Then the meeting began, and it was anything but silent.
"Every time we call the police, they don't show up until they decide to show up," exclaimed longtime resident Senniy Sams. "We have been fighting this for fifteen years, the same thing, the same people, the same corner!"
He was venting his frustration to Oakland Police Chief Sean Whent, who listened patiently, presiding over a crowd of about 80 people.
Monthly meetings of West Oakland Neighbors review crime trends and tactics, but this one was different, only 10 days after the gunfire that took Pierce's life.
Residents say stray bullets are a fact of life for them.
"I have two bullet holes in my house. Our neighbors two bullet holes in their living room," resident Doug Taylor declared. "It's only dumb luck that it wasn't me or one of my neighbors killed instead of her. "
On an easel facing the audience, a large photograph of a smiling Pierce.
"She wasn't doing anything, she was in the street protecting her kids," added Taylor.
"We're frustrated, just beyond frustrated."
911 calls were made the afternoon of March 9, alerting police that the arguing at a particular house was heated, and that someone was going to get hurt.
The house, at Chestnut Street and 30th Street, had gunfire reported a few days before.
It has also been the target of raids, arrests, weapons seizures and eviction.
But on the day the argument was reported, amid the onslaught of calls to Oakland police -- a verbal conflict wasn't top priority.
"Do the dispatchers have access to the hot spots?" wondered one resident aloud.
"Nobody's coordinated and so nobody knows what's going on," complained another.
"Why can't we shut these people down?" demanded Doug Taylor, expressing the sentiment throughout the room.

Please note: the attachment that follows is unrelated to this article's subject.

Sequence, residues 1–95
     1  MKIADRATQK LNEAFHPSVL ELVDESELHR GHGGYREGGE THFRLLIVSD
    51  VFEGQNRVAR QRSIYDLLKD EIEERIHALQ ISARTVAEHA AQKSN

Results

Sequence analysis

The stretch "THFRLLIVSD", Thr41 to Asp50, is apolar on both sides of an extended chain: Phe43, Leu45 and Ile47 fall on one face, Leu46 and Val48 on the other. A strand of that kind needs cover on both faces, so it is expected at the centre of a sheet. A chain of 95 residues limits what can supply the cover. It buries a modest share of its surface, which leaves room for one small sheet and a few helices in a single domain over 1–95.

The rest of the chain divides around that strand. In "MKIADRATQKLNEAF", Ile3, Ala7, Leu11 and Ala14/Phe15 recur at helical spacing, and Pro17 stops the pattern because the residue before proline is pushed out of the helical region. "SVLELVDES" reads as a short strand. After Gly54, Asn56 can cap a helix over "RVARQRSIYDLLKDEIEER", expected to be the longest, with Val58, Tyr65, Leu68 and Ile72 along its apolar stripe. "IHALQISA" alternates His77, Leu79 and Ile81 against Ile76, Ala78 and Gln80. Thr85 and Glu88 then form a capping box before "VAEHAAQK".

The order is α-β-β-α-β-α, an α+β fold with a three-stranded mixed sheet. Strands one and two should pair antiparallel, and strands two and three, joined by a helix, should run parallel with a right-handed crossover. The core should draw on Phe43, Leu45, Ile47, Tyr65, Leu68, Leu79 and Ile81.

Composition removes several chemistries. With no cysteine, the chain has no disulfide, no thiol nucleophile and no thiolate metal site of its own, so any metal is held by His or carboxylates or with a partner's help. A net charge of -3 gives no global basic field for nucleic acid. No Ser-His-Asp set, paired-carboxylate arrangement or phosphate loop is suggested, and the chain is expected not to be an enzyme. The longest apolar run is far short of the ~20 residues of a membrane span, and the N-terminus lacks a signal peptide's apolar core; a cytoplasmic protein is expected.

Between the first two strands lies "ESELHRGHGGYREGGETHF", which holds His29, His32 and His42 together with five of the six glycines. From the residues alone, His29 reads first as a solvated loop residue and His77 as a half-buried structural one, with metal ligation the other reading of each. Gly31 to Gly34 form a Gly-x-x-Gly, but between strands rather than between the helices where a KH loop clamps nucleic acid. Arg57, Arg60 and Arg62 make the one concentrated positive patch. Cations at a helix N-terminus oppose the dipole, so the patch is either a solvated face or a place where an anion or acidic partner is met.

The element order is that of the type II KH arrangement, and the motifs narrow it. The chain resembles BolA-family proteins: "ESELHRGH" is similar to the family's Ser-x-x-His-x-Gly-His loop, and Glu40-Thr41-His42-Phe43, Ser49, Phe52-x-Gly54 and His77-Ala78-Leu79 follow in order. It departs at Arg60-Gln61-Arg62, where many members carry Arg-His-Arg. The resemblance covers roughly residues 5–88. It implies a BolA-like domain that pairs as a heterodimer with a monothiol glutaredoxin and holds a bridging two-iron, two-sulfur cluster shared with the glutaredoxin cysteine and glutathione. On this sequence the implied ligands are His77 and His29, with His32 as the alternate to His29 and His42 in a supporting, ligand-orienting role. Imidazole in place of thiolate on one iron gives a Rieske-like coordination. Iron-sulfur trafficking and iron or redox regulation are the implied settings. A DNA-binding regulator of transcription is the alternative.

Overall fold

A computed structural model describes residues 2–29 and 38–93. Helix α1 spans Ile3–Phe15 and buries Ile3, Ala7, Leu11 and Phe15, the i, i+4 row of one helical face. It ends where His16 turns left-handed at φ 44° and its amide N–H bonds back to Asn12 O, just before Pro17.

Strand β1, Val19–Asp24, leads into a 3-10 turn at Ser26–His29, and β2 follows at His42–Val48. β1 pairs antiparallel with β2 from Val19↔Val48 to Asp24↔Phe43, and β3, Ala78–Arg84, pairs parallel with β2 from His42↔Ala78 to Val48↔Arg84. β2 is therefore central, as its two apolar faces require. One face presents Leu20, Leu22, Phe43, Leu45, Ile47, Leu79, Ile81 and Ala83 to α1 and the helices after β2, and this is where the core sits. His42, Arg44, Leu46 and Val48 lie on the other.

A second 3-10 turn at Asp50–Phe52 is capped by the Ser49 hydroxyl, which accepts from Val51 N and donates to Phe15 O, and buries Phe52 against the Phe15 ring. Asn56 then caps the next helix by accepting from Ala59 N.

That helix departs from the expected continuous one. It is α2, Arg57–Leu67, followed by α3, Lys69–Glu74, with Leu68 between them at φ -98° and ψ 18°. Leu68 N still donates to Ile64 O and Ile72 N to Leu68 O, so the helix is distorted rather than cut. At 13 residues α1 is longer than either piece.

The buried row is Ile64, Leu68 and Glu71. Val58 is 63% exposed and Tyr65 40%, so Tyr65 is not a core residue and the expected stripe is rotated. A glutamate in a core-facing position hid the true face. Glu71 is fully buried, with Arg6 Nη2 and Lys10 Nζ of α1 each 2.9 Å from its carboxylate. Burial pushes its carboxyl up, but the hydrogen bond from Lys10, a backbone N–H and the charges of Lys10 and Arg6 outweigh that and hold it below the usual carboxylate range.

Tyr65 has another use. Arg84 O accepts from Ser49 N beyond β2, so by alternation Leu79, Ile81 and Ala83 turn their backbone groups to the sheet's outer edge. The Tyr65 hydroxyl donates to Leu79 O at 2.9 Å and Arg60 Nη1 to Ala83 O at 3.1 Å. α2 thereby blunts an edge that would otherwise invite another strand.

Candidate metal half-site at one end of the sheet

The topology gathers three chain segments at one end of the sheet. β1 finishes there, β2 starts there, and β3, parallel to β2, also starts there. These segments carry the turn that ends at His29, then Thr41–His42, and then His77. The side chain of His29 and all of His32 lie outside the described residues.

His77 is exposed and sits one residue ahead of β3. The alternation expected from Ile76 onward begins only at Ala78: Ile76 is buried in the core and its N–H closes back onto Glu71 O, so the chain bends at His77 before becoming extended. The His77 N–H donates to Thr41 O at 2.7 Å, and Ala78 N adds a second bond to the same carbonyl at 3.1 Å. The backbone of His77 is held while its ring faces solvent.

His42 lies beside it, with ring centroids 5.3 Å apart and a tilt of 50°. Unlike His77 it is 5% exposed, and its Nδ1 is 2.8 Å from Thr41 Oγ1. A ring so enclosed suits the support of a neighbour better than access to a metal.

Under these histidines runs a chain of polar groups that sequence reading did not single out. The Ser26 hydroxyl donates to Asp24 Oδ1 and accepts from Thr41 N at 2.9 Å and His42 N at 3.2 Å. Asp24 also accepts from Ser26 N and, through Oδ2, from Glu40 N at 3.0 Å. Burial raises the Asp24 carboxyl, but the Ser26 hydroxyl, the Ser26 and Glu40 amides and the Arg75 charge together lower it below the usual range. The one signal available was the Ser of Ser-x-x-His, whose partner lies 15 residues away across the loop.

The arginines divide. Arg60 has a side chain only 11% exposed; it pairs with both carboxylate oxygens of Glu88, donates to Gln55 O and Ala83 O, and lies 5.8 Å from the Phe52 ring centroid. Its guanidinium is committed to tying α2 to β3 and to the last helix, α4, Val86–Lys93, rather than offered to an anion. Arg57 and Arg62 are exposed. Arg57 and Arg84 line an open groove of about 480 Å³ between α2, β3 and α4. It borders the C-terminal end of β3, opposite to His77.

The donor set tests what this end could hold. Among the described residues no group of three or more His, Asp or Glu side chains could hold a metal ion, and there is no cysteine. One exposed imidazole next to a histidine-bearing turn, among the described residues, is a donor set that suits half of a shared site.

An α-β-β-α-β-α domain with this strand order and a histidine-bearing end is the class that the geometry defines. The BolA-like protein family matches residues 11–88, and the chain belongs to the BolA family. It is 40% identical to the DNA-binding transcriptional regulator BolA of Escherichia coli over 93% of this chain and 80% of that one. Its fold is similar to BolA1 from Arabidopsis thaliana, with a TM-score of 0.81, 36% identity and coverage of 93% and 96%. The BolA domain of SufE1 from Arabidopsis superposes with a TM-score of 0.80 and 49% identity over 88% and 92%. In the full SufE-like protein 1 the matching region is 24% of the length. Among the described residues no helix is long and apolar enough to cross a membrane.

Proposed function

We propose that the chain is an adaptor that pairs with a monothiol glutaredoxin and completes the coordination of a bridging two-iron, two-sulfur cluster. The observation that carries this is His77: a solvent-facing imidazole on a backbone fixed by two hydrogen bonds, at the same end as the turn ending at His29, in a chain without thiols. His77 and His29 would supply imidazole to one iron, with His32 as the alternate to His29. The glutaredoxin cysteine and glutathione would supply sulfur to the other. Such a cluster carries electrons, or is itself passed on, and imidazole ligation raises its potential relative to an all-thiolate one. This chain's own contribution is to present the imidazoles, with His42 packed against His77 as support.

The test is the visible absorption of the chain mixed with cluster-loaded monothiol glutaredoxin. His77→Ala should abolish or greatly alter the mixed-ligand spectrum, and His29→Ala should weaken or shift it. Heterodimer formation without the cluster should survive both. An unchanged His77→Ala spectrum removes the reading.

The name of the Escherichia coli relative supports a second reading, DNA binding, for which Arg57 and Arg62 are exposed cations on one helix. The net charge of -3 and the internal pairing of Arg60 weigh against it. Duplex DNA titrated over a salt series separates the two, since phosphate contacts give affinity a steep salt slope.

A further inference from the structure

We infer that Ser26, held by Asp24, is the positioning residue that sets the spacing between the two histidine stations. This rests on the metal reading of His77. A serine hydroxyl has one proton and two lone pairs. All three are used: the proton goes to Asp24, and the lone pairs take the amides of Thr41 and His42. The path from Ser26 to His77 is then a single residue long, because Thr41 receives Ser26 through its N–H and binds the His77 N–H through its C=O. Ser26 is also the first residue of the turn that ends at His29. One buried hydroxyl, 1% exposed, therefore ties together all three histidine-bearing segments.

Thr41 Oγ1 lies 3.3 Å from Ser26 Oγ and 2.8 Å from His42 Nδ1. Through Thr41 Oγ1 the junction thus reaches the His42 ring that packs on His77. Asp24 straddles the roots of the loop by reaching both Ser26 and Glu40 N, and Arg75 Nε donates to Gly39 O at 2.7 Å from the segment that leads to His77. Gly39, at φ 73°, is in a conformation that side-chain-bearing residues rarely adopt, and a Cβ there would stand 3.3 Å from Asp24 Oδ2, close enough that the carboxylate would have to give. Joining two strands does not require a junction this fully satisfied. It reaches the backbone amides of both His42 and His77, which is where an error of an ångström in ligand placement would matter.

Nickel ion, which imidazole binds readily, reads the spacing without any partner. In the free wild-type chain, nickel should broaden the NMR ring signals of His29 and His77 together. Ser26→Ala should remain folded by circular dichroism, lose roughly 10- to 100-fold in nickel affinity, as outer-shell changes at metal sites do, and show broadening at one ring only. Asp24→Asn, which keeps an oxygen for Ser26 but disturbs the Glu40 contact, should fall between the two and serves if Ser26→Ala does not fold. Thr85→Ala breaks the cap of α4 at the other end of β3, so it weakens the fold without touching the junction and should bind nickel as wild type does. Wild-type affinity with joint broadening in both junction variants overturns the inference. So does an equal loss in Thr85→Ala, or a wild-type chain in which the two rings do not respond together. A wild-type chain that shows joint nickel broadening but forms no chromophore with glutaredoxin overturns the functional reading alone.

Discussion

Police responded that they are shutting down drug houses as fast as they can, but the process is complicated.
"I'll be the first to admit, we're not always perfect," said Whent, promising to look at ways to make dispatch more responsive and provide more continuity among beat officers.
But Whent acknowledged his department is chronically understaffed, losing more officers each year than it is gaining.
And midway through the meeting, a half dozen officers charged out, rushing to another gun battle, another shooting.
Within the audience, there was also friction, about "why" people turn to dope dealing and violence.
"I recognize that they're human," said one young woman, who advocated talking to the youth about the underlying problems of poverty and unemployment.
But Sams was having none of that.
"I raised my kids on that street, they went to college and they have jobs," he said to applause. "You have a choice!"
Oakland City Council President Lynette McElhaney reminded the emotional crowd why they were there.
"We are all sensing that this could be me or this could be my child, " she said, referring to Pierce. "We might not have been able to prevent this but are we going to work together to make sure Chyemil Pierce is the last person killed in crossfire? "